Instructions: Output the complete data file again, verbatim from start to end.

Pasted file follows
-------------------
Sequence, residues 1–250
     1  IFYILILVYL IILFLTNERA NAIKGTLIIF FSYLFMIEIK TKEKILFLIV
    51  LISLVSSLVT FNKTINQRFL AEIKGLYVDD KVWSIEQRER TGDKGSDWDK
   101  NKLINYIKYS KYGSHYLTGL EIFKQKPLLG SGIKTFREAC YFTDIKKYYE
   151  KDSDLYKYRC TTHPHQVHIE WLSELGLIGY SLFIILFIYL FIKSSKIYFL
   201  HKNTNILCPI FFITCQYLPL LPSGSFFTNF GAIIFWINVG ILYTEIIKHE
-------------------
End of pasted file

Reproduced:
Sequence, residues 1–250
     1  IFYILILVYL IILFLTNERA NAIKGTLIIF FSYLFMIEIK TKEKILFLIV
    51  LISLVSSLVT FNKTINQRFL AEIKGLYVDD KVWSIEQRER TGDKGSDWDK
   101  NKLINYIKYS KYGSHYLTGL EIFKQKPLLG SGIKTFREAC YFTDIKKYYE
   151  KDSDLYKYRC TTHPHQVHIE WLSELGLIGY SLFIILFIYL FIKSSKIYFL
   201  HKNTNILCPI FFITCQYLPL LPSGSFFTNF GAIIFWINVG ILYTEIIKHE